Real estate is one of the best performing alternative asset classes for investors who would like to diversify their portfolio or simply do not enjoy the volatile nature of the stock market. Contrary to popular belief, one does not need to be extremely wealthy to have interests in property. In the past, investing in real estate, especially large commercial properties, was something that was only reserved for high net worth individuals (HNWI) however the rise of online real estate crowdfunding platforms and publicly traded real estate investment trusts (REITs) have made it a lot easier for the average investor to get access to real estate investments.

Fundrise, for example, is one of the many online crowdfunding marketplaces out there that have pooled relatively small sums of money from everyday people and used those funds to assist property developers to finance their projects. To date, developers on the website have raised more than $10 million. Founded in 2012 by two brothers named Benjamin and Dan Miller, Fundrise recently made headlines when it announced the launch of the world's first online REIT, or as they call it "eREIT."

Earlier this month, Fundrise began processing subscriptions for their $50 million initial public offering (IPO), but they were quickly forced to temporarily discontinue selling shares of the eREIT due to high demand. On the first day of the offering, Fundrise received an average of $21,400 in subscription requests every minute. Investors were required to purchase a minimum of 100 shares at a rate of $10 per share. Although the Fundrise eREIT looks like it will be a very promising investment, it certainly is not for everyone. Here are three important things to ask yourself when determining whether or not an equity stake in Fundrise's eREIT would make sense in your investment portfolio.

Do You Mind Investing in an Illiquid Asset?

One of the main differences between Fundrise's eREIT and traditional REITs is the level of liquidity. Traditional REITs are traded on a stock exchange and are given a mark to market (MTM) valuation every minute of a trading day. This gives investors the ability to sell a portion, or all, of their REITs within a couple of minutes if needed. The Fundrise eREIT is not listed on an exchange, and as a result, units can only be redeemed at the end of each quarter. This can help to force an investor to take a long-term horizon, but it can also be a problem if an investor needs immediate access to cash for an emergency. (See also, Fundrise CEO Ben Miller On 'Why Pre-Funding Matters.)

Do You Need the Income?

Federal law requires that all REITs distribute no less than 90% of their annual income to their unit holders. Fundrise’s eREIT is not excluded from this requirement. As a result, the company intends to make a "high yield cash distribution" at the end of every quarter. This can be great for those investors who are looking to create an additional revenue stream. However, the eREIT might not be ideal for investors who do not immediately need investment income.

It is important to remember that unlike corporate dividends, that are taxed at a low rate, REIT distributions are taxed at the normal income tax rate. This is why REITs are often called tax-inefficient investments. Investors who own REITs tend to hold them in retirement accounts that have favorable tax treatments, like a Roth IRA, but it is not possible to do this with the Fundrise eREIT.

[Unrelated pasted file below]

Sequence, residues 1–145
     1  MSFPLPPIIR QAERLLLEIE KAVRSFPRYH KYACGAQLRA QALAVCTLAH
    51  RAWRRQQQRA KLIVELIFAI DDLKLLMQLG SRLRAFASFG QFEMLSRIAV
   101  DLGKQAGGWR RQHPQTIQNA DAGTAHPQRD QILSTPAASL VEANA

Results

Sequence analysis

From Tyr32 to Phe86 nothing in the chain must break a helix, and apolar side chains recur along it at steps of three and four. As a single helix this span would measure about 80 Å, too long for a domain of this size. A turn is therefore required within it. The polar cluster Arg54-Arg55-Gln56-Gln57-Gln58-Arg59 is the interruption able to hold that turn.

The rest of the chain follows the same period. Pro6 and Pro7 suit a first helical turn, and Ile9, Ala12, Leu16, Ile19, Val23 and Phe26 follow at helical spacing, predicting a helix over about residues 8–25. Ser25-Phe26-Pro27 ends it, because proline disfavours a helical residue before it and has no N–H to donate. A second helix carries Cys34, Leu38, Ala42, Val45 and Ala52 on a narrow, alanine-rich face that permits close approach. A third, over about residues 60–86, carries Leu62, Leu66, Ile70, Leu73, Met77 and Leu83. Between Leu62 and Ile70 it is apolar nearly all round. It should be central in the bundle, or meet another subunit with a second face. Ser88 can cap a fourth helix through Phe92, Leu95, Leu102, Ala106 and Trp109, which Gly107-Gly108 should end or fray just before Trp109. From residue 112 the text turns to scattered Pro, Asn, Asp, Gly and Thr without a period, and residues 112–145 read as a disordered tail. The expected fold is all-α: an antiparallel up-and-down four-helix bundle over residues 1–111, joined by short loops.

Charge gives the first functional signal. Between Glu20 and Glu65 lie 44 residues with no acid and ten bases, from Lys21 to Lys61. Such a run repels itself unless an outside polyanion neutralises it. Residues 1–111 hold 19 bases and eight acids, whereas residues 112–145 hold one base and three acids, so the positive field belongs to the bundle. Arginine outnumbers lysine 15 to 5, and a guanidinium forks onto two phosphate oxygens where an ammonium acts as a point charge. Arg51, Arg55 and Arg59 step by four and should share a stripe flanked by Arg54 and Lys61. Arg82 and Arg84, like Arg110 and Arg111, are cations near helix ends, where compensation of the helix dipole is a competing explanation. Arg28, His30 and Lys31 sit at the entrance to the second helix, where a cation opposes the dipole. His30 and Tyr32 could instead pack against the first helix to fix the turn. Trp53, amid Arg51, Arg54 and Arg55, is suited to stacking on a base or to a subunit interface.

In some cases, an investor may end up realizing higher net returns, and a lower tax bill, by investing in a stock that reinvests the majority of earnings instead of distributing it to shareholders.

How Risk Tolerant Are You?

Fundrise’s eREIT is probably not suitable for your investment portfolio if you consider your tolerance for risk to be low or fairly moderate. As a new investment fund, the eREIT has no previous operating history to look at in order to determine how good the management team is. This also makes it hard to make calculated predictions on how well the eREIT will perform in the future.

When compared to the management teams of publicly traded REITs, the management of Fundrise’s eREIT lacks many years of experience. In the company’s offering circular that was filed with the Security and Exchange Commission (SEC), it was disclosed that the eREIT's initial management team consists of four members, the oldest of whom is only 39-years-old. Furthermore, the eREIT had no non-executive board members at the time of writing.

Depending on your age and overall goals, an investment in the eREIT might be worth the speculation. On the other hand, other investors might not feel comfortable with the risk associated with the startup nature of the eREIT. Publicly traded REITs might be a much more suitable alternative for conservative investors like retirees, who want a reliable flow of income while protecting their principal. (See also, 3 Ways Millennials Can Invest in Rental Properties.)

The Bottom Line

REITs and property crowdfunding platforms have made it extremely easy for the average investor to include real estate investments in his or her portfolio. Just this month, Fundrise, a crowdfunding website, launched the world’s first Internet REIT. Like traditional REITs, Fundrise’s eREIT will give its unitholders the opportunity to benefit from income-producing property. While eREits are similar to traditional REITs in that respect, there are a number of differences between the two. For instance, shares in Fundrise’s eREIT can only be redeemed at the end of each quarter, and as such may not be a suitable investment for many retail investors. Additionally, the eREIT might be tax-inefficient for young investors who could benefit much more by realizing capital gains rather than investment income. Conservatives investors should also note that Fundrise is a new player in the REIT business, and as such may be riskier than other REITs because of its unproven track record.